Stars explained: * A production of no real merit with failings in all areas. ** A production showing evidence of not enough time or effort, or even talent, and which never breathes any real life into the piece – or a show lumbered with a terrible script. *** A good enjoyable show which might have some small flaws but has largely achieved what it set out to do.**** An excellent show which shows a great deal of work and stage craft with no noticeable or major flaws.***** A four star show which has found that extra bit of magic which lifts theatre to another plane.
Half stars fall between the ratings


Rabbit Hole

Sutton Arts Theatre


If you took one of David Lindsay-Abaires' other works, the book for Shrek The Musical, as the style reference and potential mood of Rabbit Hole, his 2007 Pulitzer winning play, then you might wonder if they were actually penned by two entirely different people.

Rabbit Hole is a very adult orientated work and the only monstrous ogre in the room here is the painful memory of the accidental death of a child. It’s set in New York inside the home of Becca and Howie. Life seems relatively normal but as things progress we begin to see that everyone is suffering under the shadow of grief.

Yet whilst the couple try to navigate their feelings around each other, Becca’s sister is casually now pregnant and her mother Nat nonchalantly reminds every one of her own struggle with the loss of her own adult son, in very different circumstances.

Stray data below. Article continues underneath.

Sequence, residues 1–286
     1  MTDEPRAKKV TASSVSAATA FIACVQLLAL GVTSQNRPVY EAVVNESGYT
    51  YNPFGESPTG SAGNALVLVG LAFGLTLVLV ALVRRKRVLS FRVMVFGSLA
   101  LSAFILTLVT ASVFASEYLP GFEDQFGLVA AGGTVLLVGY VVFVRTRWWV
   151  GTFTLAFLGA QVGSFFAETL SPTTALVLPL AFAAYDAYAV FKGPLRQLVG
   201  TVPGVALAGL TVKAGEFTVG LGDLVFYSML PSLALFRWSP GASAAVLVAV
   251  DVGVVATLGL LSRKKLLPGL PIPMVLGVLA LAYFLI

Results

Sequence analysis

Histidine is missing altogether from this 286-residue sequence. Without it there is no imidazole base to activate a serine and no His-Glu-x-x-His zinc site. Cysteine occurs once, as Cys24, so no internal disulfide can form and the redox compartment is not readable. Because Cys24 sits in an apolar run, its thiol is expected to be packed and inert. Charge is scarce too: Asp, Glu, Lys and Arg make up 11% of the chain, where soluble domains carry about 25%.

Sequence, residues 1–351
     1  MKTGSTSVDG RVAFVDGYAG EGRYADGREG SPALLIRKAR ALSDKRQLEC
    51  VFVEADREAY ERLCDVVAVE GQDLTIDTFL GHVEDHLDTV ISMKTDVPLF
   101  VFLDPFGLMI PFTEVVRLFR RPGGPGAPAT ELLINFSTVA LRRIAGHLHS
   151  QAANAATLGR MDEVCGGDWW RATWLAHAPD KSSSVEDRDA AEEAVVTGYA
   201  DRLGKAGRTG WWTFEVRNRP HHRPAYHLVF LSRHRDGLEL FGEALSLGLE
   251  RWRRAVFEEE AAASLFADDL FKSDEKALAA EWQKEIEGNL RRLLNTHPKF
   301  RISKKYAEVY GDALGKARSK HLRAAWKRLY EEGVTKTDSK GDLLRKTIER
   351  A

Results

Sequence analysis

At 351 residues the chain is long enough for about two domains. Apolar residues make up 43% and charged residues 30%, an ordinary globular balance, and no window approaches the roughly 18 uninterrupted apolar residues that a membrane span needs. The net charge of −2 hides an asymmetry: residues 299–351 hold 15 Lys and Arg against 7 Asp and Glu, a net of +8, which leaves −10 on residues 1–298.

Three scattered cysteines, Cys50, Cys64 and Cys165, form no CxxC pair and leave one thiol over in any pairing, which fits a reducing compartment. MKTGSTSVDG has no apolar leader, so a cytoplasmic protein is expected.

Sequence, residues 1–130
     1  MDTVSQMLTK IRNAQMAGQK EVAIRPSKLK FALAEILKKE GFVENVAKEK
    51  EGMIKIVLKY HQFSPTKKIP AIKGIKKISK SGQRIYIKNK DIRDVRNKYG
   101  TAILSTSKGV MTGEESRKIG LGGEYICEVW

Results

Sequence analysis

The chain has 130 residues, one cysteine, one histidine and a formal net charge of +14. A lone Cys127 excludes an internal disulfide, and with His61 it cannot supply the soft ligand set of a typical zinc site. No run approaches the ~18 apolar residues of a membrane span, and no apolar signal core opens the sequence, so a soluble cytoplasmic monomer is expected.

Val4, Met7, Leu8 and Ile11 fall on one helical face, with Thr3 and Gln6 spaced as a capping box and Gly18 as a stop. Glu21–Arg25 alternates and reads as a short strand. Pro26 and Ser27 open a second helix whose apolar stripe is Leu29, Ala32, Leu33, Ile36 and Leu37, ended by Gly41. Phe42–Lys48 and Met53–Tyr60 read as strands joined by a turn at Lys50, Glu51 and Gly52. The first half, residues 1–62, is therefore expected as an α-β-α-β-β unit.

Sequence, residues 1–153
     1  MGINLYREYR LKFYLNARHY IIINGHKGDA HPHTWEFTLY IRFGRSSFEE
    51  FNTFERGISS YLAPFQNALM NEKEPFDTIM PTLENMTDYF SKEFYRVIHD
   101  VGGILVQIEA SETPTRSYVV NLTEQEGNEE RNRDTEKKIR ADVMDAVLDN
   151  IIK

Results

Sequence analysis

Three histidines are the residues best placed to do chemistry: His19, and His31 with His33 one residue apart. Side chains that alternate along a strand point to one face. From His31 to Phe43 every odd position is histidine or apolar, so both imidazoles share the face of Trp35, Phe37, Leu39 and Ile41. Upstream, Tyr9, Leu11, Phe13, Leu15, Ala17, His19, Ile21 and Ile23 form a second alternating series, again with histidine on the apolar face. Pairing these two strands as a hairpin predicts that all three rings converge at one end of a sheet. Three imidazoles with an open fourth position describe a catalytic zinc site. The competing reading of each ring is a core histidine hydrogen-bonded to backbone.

Emotions become tense and overflow when Jason, a young teenager who has caused the fatal accident, seeks solace with them to quell his own emotional demons.

Lindsay–Abaires approach to the drama is to keep them all in the same room over a period of months and watch how they develop and interact. It’s not an easy play to observe but there’s laughter and nervous laughter to be had as everyone does their best to move on from their loss.


Suzy Donnelly as Becca was crisp in her character’s ability, in at first visually appearing normal, going about her daily chores, until some intentional or unintended comment unearths her agony and her calm is broken sometimes into rage.

Her interactions with her pregnant sister, Izzy played by Janine Henderson, were fast paced and very natural. Their timing was perfect and the relationship was very believable.

Rob Laird played Howie with poise and understatement and you sensed early on his character’s patience with his wife’s grief yet quietly suffering in his own way. Howie is doing his best to return to a sense of normality; however you question his trust when a potential affair is revealed.

Alison Daly was Nat, the busy body mother, a woman keen on offering her advice in all the wrong places, yet breaking down when asked to help clear the child’s room of toys and mementos.

Every character seems to have their own mildly selfish agenda and there’s not much to like about them until the arrival of the nervous Jason, played by Chris McHugh.

Jason is the driver of the car in the fatal accident and riddled with guilt he comes to the house to connect with the family in an attempt to heal his own suffering. McHugh did a wonderful job at bringing out the compassion in them all with his innocent guilt, challenging any anger that lingered over his actions.

Directed skilfully by Louis Farmer and Faye Hatch the play manages to keep the lid on its emotions but leaves you with unsettling questions about the characters futures as to the possibility of everyone ever returning to a normal way of life. The action is played out on a well designed set and whilst Nicole Kidman may have received praise for her performance in the film version, there’s high quality right across the cast and production here in this subtle portrayal of grief. To 27-10-18

Jeff Grant


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